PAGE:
Books

Did technology kill the book or give it new life?

The book is dead, long live the book.
Digital technology has certainly had a profound effect on the traditional book publishing and retailing industries, but has it also given the book a new lease of life?

From Did technology kill the book or give it new life? - BBC News

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Bug-killing book pages clean murky drinking water

The "drinkable book" combines treated paper with printed information on how and why water should be filtered.
Its pages contain nanoparticles of silver or copper, which kill bacteria in the water as it passes through.
In trials at 25 contaminated water sources in South Africa, Ghana and Bangladesh, the paper successfully removed more than 99% of bacteria.

From Bug-killing book pages clean murky drinking water - BBC News

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Colorado Man Throws Books Out Car Window, Is Nabbed For Littering

A Colorado man plead guilty on Thursday to littering. He wasn't dumping trash, or toxic waste from a mine, but books, writes the Times-Call newspaper.

The paper reports that Glenn Pladsen, 62, got a ticket this spring after he tossed books along U.S. 287. Pladsen lives in Arvada, a town just outside of Denver, and apparently threw thousands of books out on the highway over several months because "he couldn't figure out another way to get rid of them."

If only he had other options. I took the liberty of googling "Denver book donations" and "used bookstores in Arvada." If he had sought out the advice of the Denver Public Library, they probably would told him they accept donations. It appears that there are a few used bookstores in Arvada, too.

Full piece:
http://www.npr.org/sections/thetwo-way/2015/08/14/432315904/colorado-man-throws-books-out-ca...

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Books That Shaped America | National Book Festival - Library of Congress

The Library of Congress, the world’s largest repository of knowledge and information, began a multiyear “Celebration of the Book” with an exhibition on “Books That Shaped America.” The initial books in the exhibition are displayed below.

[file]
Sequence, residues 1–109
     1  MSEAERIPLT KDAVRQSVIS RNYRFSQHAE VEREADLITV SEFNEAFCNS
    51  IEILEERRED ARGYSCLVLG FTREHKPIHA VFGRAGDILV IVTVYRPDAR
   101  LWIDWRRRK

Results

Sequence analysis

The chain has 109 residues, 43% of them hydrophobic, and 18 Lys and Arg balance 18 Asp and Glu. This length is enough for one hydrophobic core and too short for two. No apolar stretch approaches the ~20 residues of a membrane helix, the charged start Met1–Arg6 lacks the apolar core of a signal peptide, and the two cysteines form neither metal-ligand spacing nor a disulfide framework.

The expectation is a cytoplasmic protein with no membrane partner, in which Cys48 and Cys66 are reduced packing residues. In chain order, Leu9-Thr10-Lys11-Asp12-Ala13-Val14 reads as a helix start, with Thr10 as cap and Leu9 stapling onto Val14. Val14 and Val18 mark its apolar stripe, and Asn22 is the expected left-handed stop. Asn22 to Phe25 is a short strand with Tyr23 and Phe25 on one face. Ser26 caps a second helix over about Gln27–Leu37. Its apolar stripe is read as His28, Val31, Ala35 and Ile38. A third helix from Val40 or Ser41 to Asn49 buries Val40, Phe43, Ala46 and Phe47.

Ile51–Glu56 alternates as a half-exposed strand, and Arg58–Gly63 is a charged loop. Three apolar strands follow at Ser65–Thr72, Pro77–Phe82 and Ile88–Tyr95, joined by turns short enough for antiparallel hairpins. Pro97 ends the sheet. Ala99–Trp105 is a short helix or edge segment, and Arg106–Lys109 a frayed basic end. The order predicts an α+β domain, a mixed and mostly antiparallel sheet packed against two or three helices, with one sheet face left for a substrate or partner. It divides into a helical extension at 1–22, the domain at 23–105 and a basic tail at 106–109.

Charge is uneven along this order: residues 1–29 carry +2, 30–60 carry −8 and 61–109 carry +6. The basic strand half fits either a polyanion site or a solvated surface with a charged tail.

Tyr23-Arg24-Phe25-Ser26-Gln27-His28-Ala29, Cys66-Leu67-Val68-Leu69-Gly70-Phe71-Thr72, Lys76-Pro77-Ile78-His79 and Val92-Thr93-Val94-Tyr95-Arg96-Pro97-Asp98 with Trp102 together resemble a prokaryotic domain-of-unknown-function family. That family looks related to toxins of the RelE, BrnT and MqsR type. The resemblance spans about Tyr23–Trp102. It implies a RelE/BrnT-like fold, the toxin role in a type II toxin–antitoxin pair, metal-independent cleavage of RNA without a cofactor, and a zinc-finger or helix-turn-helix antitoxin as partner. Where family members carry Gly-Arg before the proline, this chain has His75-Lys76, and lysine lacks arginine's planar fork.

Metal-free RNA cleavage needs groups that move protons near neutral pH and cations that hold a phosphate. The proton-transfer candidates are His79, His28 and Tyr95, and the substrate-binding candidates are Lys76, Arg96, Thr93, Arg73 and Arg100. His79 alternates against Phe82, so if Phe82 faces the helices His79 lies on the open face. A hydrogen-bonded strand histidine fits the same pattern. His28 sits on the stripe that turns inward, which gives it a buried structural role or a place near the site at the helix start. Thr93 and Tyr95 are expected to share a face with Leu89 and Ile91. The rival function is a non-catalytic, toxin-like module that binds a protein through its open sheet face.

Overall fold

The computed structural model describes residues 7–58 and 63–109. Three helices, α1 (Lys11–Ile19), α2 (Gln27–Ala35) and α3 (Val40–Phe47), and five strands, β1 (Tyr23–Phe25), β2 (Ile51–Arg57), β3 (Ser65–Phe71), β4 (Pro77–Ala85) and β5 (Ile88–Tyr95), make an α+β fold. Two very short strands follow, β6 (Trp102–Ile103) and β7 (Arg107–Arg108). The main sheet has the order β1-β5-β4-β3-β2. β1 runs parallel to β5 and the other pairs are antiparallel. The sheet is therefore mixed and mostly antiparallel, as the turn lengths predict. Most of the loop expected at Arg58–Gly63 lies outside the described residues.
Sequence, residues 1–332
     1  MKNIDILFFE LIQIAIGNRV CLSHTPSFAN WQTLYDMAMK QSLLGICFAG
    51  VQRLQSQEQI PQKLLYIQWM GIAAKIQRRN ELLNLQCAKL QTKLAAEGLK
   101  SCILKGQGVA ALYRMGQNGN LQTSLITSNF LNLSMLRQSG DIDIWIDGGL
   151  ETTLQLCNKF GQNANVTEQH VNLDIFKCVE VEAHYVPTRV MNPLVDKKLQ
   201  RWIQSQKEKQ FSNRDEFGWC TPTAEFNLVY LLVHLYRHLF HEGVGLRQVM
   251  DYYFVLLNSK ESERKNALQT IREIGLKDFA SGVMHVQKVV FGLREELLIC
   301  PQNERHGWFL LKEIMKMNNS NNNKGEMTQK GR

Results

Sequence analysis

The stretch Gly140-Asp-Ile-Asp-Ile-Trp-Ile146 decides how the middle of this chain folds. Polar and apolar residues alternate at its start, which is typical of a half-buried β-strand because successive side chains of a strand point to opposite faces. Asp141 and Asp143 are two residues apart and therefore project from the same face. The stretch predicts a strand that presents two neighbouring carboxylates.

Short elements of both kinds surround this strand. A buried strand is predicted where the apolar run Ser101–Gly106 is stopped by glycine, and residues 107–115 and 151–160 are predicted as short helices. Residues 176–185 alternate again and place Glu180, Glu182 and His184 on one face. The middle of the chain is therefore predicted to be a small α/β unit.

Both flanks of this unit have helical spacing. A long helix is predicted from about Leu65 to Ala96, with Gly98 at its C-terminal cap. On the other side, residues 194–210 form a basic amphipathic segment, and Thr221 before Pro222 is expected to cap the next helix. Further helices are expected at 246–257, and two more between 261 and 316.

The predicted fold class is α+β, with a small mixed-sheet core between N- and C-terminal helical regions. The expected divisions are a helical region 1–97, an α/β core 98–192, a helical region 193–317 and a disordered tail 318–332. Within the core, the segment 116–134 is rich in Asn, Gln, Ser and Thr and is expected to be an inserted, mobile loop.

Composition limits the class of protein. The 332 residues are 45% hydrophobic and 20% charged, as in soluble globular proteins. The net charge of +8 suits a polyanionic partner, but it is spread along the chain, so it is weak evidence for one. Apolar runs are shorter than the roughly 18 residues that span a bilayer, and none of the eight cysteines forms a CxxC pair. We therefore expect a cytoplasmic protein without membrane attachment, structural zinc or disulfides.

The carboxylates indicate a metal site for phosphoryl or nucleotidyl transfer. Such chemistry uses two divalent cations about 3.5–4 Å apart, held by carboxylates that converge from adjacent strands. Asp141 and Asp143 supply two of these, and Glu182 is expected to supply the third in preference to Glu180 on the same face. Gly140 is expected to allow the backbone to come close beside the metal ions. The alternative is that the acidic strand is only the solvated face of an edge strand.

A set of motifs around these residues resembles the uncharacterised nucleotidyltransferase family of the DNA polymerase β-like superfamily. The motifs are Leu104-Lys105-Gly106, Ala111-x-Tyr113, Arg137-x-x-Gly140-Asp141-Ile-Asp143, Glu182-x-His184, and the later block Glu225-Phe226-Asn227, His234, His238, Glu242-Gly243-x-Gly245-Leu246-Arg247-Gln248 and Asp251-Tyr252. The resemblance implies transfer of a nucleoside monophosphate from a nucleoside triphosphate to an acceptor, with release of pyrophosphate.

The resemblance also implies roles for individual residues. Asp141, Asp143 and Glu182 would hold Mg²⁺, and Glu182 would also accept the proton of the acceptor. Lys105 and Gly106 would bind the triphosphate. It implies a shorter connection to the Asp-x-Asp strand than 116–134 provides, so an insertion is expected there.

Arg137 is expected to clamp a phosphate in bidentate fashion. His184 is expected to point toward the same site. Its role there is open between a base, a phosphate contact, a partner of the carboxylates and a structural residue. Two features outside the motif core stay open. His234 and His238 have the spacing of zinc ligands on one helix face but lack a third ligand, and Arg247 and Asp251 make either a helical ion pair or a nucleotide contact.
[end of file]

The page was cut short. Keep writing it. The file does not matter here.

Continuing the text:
“This list is a starting point,” said Librarian of Congress James H. Billington. “It is not a register of the ‘best’ American books – although many of them fit that description. Rather, the list is intended to spark a national conversation on books written by Americans that have influenced our lives, whether they appear on this initial list or not.”

We hope you will view the list, discuss it with your friends and family, and most importantly, choose to read and discuss some of the books on this list, reflecting America’s unique and extraordinary literary heritage, which the Library of Congress makes available to the world.

From Books That Shaped America | National Book Festival - Library of Congress

Harris Poll: Number of Americans Who Support Book Banning Increases

Harris Poll: Number of Americans Who Support Book Banning Increases

From The Guardian: "Are Americans Falling in Love with Censorship?

"[A] Harris poll of 2,244 US adults was released in July, revealing that, in the space of four years, the percentage of Americans believing that some books should be completely banned has increased by more than half. In 2011, 18% of those surveyed wanted some books banned; in 2015, 28% agreed with the assertion. Just under a half, 48%, said that no books should be banned, compared with 56% in 2011."